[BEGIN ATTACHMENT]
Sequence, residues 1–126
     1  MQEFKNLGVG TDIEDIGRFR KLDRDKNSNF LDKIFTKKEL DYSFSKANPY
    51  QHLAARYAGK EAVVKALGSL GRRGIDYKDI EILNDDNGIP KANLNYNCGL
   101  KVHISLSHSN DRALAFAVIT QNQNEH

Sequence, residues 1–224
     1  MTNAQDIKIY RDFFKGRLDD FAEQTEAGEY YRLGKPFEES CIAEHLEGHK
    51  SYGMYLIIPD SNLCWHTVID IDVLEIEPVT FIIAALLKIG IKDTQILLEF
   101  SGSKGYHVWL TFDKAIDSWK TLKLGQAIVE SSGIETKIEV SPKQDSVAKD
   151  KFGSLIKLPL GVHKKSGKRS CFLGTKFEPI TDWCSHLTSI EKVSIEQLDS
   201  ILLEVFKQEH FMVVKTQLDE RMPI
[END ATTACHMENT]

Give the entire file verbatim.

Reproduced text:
Sequence, residues 1–126
     1  MQEFKNLGVG TDIEDIGRFR KLDRDKNSNF LDKIFTKKEL DYSFSKANPY
    51  QHLAARYAGK EAVVKALGSL GRRGIDYKDI EILNDDNGIP KANLNYNCGL
   101  KVHISLSHSN DRALAFAVIT QNQNEH

Sequence, residues 1–224
     1  MTNAQDIKIY RDFFKGRLDD FAEQTEAGEY YRLGKPFEES CIAEHLEGHK
    51  SYGMYLIIPD SNLCWHTVID IDVLEIEPVT FIIAALLKIG IKDTQILLEF
   101  SGSKGYHVWL TFDKAIDSWK TLKLGQAIVE SSGIETKIEV SPKQDSVAKD
   151  KFGSLIKLPL GVHKKSGKRS CFLGTKFEPI TDWCSHLTSI EKVSIEQLDS
   201  ILLEVFKQEH FMVVKTQLDE RMPI